What will you choose when switching to Linux?

Gravi
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What will you choose when switching to Linux?

Post by Gravi »

When people finally make up their minds, let go of the cancer that is Windows and free themselves by switching to the Chad innovation that's called Linux( or GNU/Linux if you're a :ugeek:)?

There are many, o many distributions to select, Debian, Ubuntu, Fedora, Arch, Manjaro, OpenSuse, Blendos, Vanillaos, loaaaaaaaaaads of em!

There are so many, I sometimes question, is it good that there are that many or is it bad? I would wager it is more on the good side since the more the better, more choice is always good, no? Many projects are abandoned or weakly supported, but many are kept alive.

I personally will probably switch to Blendos due to it's immutability and containers that allow me to run an application via any OS. I have been in search for a long time which OS, oh look this one is cool, no wait this one is better, in reality you just have to try them out, stick to one for a long time and if you like it, don't hop!

My switch shall not be hasty but I hope to switch in the near future, since FUG WINDOWS EL MAO!
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LS2
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LS2
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Re: What will you choose when switching to Linux?

Post by LS2 »

I posted this on Saidit and will post it here again: The Immutables: Fedora 39. You brought up a couple of immutable distros, one of those is covered in that video. Those are very interesting because it's more normie-friendly. You have to tinker so much with regular GNU/Linux, that's why rollback support is so important. I haven't quite tried these out yet and I'm not sure how they work. What do you do when you have to write to something under /var? Hopefully these distros are appealing to advanced users as well.
Gravi wrote: Tue Nov 21, 2023 5:34 pm There are so many, I sometimes question, is it good that there are that many or is it bad? I would wager it is more on the good side since the more the better, more choice is always good, no? Many projects are abandoned or weakly supported, but many are kept alive.
You make a good point here. The existence of so wide a variety of GNU/Linux distros makes naming it more complicated, which frustrates its promotion. If you say that you recommend Linux, and specifically distro x or y that they've never heard of, you will already get puzzled looks. With Windows or macOS you just install the latest version, there's nothing to think about there, and it mostly comes preinstalled. You really do have to think about which distro you pick because there are a lot that I really can't recommend because of their rough edges.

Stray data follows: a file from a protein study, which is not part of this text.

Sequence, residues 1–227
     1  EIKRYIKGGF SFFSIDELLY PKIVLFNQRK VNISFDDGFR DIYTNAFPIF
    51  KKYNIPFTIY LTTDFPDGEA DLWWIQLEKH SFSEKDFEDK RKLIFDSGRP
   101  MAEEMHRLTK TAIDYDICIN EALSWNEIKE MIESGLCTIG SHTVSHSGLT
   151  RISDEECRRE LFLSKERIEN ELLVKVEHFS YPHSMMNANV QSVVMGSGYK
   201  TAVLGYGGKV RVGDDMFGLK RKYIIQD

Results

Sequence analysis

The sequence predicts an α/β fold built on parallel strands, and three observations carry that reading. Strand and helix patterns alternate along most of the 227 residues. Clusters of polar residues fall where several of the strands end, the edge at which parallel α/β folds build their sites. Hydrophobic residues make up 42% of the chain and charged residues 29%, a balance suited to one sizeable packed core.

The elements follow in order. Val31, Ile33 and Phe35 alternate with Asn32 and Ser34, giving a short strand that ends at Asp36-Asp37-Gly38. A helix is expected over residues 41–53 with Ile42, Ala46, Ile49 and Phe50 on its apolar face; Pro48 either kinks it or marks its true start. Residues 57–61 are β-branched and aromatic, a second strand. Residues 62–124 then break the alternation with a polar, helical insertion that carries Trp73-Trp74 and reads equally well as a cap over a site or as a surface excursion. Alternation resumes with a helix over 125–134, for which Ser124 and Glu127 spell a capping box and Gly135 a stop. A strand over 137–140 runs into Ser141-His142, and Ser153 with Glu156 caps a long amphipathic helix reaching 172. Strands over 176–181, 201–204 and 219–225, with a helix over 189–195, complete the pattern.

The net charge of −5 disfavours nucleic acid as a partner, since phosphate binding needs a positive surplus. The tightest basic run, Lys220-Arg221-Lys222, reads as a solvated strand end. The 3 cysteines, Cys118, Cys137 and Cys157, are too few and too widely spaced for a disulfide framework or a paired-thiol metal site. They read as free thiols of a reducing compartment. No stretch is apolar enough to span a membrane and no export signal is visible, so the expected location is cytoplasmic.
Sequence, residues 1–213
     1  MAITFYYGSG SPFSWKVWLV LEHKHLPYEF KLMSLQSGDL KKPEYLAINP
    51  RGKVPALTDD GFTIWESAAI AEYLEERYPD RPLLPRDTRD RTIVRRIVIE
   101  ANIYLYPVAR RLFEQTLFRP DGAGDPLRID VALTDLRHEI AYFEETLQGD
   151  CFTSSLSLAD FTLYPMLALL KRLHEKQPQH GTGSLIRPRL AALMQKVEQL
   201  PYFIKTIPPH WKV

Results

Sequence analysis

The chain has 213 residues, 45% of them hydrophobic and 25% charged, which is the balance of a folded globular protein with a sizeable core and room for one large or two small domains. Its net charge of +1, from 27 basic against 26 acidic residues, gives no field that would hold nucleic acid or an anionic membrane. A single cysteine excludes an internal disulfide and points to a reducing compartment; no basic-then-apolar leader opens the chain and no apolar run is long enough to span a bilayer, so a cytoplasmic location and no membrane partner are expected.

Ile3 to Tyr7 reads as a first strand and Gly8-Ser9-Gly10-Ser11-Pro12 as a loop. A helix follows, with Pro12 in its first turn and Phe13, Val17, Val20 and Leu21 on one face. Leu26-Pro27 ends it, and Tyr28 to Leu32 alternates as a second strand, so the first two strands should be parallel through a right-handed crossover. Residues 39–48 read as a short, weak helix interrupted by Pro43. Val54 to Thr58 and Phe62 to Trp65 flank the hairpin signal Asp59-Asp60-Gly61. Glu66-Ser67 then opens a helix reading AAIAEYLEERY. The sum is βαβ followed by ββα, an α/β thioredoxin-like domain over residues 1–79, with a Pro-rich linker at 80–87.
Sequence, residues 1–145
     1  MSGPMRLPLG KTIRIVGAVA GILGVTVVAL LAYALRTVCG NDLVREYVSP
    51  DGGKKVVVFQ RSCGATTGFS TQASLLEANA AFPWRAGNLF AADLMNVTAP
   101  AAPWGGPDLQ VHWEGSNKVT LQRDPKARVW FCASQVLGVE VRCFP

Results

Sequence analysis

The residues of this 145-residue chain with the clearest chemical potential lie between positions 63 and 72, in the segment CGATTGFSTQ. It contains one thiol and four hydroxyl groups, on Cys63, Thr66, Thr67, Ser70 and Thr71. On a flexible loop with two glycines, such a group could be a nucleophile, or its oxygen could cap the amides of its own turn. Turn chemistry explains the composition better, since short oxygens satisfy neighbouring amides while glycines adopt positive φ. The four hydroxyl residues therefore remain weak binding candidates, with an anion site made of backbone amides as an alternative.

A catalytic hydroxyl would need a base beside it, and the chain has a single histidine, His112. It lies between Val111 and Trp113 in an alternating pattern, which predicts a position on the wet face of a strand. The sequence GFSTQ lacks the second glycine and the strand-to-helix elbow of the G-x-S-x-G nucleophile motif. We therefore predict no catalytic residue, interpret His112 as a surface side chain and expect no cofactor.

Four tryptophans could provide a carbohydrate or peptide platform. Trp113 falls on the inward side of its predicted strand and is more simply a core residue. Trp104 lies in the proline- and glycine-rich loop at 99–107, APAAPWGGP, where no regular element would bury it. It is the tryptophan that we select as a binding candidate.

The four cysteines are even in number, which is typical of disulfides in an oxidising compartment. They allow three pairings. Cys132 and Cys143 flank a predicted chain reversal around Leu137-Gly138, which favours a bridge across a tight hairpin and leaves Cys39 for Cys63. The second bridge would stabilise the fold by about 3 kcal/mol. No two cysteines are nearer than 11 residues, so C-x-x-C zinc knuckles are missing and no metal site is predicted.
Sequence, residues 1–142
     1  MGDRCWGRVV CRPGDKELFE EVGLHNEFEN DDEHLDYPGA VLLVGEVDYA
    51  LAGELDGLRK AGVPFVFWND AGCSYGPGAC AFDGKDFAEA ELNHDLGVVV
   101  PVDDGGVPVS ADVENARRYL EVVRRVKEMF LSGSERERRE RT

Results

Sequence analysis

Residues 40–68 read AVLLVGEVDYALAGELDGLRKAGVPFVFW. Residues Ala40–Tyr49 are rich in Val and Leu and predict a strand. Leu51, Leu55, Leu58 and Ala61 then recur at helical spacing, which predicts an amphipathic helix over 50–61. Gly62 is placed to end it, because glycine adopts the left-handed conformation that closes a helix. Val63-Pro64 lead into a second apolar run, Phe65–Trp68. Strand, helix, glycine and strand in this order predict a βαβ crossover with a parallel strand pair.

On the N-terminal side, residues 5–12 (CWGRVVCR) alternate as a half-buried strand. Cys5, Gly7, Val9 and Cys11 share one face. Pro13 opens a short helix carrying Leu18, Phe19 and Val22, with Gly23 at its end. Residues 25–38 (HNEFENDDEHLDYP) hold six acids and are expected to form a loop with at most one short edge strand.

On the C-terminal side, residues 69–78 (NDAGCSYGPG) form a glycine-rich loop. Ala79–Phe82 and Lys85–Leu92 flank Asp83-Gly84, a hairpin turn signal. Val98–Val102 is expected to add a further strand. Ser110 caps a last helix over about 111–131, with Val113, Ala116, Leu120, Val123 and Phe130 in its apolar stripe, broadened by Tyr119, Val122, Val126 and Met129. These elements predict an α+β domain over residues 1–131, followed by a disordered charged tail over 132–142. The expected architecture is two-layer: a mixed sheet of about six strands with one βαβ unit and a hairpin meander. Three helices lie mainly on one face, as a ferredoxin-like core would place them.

The matter is further complicated by the controversy around whether to include GNU in the name. Doing so does justice to that project and the free software movement in general, which is really where it started, but saying "GNU/Linux" out loud is really pretentious and confuses people. If you just call it GNU, normies won't know what you're talking about. If you then reveal that it's really just what they know as Linux but you have ideological reasons for saying GNU, you're showing your autism. Simply saying Linux is also confusing. Android uses the Linux kernel, but people don't think about that when you say Linux. The userland is what the end user is familiar with and what naming should be based on. I thought it was about an operating system. This has been a real frustration for me. How can I take an OS seriously if I don't even know what to name it?

I have an idea for how this can be fixed. It'd be great if an exceptionally user-friendly distro would arise which leaves out GNU and Linux in the branding altogether and which gets so big that it's seen as a contender for Windows and macOS unto itself. Let's call it Archbuntu. It doesn't call itself a distribution of Linux, but instead it's "powered by GNU and Linux". That way you can skip over all the controversy. But it must not break, and it must be able to run all GNU/Linux programs by itself. Appimages and Flatpaks help because of their universality. BlendOS almost suffices as a candidate for this but it's really unprofessional that their support is on Discord and there's hardly any documentation. I find the immutable versions of Ubuntu, Fedora, and OpenSUSE more promising in those regards. But do let me know about your experience with it. Perhaps you can post a review here after you've tried it out.

I went off on a limb, I know this thread is about personal choice but I had to get these ideas out. I installed Slackware on my PC, which has been a pleasant surprise. I'm not the type of person to do everything manually, but I like the idea of installing a bunch of programs and libraries so that you don't need to install additional dependencies for every new package you install. Plus it's stable as a rock and conservative in replacing the innards of the system. There's no systemd!

I'm in a different house right now using a computer that isn't my own, so I installed antix to a USB stick to boot from that.
fschmidt
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Re: What will you choose when switching to Linux?

Post by fschmidt »

Linux sucks. Everything by modern scum sucks. MacOS is the least bad choice right now.
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